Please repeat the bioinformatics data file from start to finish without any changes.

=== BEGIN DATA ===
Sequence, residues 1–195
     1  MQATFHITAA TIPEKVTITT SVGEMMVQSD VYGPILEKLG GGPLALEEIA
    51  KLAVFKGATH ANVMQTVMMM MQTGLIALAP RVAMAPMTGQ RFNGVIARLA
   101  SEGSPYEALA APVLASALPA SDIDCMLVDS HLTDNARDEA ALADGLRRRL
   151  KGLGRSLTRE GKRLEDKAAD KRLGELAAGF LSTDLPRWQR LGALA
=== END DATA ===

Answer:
Sequence, residues 1–195
     1  MQATFHITAA TIPEKVTITT SVGEMMVQSD VYGPILEKLG GGPLALEEIA
    51  KLAVFKGATH ANVMQTVMMM MQTGLIALAP RVAMAPMTGQ RFNGVIARLA
   101  SEGSPYEALA APVLASALPA SDIDCMLVDS HLTDNARDEA ALADGLRRRL
   151  KGLGRSLTRE GKRLEDKAAD KRLGELAAGF LSTDLPRWQR LGALA